45 Years Ago: The Allman Brothers Band Make History With Iconic Live Album, ‘At Fillmore East’

45 Years Ago: The Allman Brothers Band Make History With Iconic Live Album, ‘At Fillmore East’ | Society Of Rock Videos


“They Tore The Place Up!”

photo credit: amazon.com

Recorded over two nights in early March 1971, The Allman Brothers Band’s At Fillmore East is widely regarded as one of the greatest live rock albums ever made, and to take it one step further, one of the greatest albums ever – period. With its lengthy jams like “Whipping Post” and “In Memory Of Elizabeth Reed” that reinforced The Allman Brothers Band’s status as one of the best live acts in America and a venue like the iconic Fillmore East whose acoustics were perfect for a band like this, At Fillmore East is the album that best sums up the band’s power.

At Fillmore East was produced by Tom Dowd – yes, the same Tom Dowd known for producing some of Lynyrd Skynyrd’s most iconic albums – and with Dowd’s help, the album became the band’s commercial breakthrough, going Gold within weeks and becoming the first Allman Brothers Band album to go platinum.

“Here was a rock and roll band playing jazz in the blues vernacular. And they tore the place up.”

-Tom Dowd, producer

What really made this album special was the fact that for the first time, Gregg Allman and co. were able to stretch their legs and really let their fans see what they were about. “Whipping Post,” normally shaved down to 5 minutes on the band’s 1969 debut album, went from an abridged tale of a man’s suffering and woe at the hands of an unfaithful woman to a 23-minute jam session highlighted by bassist Berry Oakley’s haunting 11/4 time opening that would eventually earn the title of the most famous bass patterns in rock, and the combination of vocalist Gregg Allman’s gritty vocals and Hammond organ.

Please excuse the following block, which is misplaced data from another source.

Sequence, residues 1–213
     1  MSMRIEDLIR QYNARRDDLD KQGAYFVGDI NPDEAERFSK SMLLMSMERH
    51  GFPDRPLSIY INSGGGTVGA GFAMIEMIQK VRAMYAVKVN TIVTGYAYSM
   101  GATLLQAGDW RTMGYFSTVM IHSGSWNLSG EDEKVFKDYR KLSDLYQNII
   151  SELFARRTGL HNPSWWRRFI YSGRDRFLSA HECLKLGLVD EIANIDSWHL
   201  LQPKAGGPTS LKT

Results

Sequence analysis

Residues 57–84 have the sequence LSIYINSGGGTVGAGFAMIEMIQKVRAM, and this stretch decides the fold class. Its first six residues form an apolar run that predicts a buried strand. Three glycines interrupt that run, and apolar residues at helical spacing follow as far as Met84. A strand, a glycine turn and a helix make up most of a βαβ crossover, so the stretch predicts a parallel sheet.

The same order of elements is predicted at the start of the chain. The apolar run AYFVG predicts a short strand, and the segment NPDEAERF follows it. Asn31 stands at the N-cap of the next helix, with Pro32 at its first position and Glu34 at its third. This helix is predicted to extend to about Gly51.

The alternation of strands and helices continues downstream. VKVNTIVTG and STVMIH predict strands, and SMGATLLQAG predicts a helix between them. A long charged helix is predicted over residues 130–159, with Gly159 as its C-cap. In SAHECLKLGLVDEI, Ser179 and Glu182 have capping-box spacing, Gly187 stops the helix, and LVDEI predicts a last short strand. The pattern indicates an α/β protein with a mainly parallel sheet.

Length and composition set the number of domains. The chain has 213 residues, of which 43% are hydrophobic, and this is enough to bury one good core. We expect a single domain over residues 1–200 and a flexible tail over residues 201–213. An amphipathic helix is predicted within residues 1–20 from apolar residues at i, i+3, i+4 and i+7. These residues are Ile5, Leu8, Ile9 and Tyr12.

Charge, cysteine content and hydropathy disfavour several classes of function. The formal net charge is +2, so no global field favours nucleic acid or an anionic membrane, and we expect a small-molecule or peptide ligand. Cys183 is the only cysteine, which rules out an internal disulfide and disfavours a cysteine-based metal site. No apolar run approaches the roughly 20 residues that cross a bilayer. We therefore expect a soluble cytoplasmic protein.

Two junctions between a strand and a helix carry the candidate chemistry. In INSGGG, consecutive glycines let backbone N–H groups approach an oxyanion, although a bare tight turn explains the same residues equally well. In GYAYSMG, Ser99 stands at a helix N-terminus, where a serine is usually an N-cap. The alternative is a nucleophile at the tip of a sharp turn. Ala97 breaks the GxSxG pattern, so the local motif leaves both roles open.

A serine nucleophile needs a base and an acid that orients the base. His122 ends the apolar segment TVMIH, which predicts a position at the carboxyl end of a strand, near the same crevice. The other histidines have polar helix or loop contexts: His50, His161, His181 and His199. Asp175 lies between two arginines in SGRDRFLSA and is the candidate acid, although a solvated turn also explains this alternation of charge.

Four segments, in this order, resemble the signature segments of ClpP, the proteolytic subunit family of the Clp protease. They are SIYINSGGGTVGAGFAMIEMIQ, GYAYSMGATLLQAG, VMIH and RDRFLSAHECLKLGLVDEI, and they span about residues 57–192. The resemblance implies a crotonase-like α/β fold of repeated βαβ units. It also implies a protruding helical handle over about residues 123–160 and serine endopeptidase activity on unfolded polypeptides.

“Ornery and loud, it’s perfect driving music for the road that goes on forever.”

-Tom Moon, author

The jazz influenced instrumental jam “In Memory Of Elizabeth Reed,” written and composed by Dickey Betts is a roaring 13 minute take on the version found on 1970’s Idlewild South and the one that fans of the band hail as THE version to listen to if you’re just getting into The Allman Brothers Band – or just a fan of good music in general! It’s hard to imagine that it’s already been nearly half a century since At Fillmore East came into existence, but as solid as this album is, it’s not surprising that it’s one we can’t stop cranking up after all these years. Here’s to the first 45 for At Fillmore East, and here’s to the next 45 and beyond!

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